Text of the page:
Spatial Audio Perception


Research Team Members


David Sun

Andrew Wabnitz

Pierre Guillon

Nicolas Epain

André van Schaik

Alistair McEwan

Craig Jin




We are investigating the relationship between the Fourier-Bessel representation of a sound field and the acoustic cues related to human spatial auditory perception. The Fourier-Bessel representation of sound field provides an adequate mean to synthesise a spatial sound field using a loudspeaker array. However, we do not yet fully understand how to relate the Fourier-Bessel decomposition to perceptual cues for human spatial audio perception. As well, we are investigating novel techniques related to the rendering of virtual auditory space (VAS). Areas of intereest are spatial augmented-reality audio (where real and virtual spatial sounds are mixed), the synthesis of binaural room impulse responses (BRIR) from microphe array recordings, near-field simulations, and synthesis of individualised VAS from image measurements of a listener's ears. We are also interested in the application of VAS technology for sonification of data as spatial audio — currently we are sonifying EEG signals to enhance medical observation of the data.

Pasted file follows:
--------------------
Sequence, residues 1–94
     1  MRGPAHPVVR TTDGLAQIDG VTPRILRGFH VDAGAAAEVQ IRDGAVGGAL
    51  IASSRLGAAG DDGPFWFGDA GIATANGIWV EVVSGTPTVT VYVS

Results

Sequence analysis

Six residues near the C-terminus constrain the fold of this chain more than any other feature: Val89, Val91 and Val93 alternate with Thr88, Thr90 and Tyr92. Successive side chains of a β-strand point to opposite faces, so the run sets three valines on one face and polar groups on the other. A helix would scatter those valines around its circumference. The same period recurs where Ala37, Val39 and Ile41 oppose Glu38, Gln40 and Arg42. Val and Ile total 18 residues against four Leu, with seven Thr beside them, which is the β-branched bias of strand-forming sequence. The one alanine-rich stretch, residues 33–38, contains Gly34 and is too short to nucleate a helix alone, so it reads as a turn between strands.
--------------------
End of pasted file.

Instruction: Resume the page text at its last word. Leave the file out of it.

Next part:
Figure 1: (a) The anechoic chamber in the Auditory Neuroscience Laboratory (ANL) at the University of Sydney. (b) A subject undergoing a head-related impulse response recording. (c) The recording microphones were tightly wrapped in soft surgical tape to completely seal the ear canal. (d) The recording microphone in a subject’s ear canal.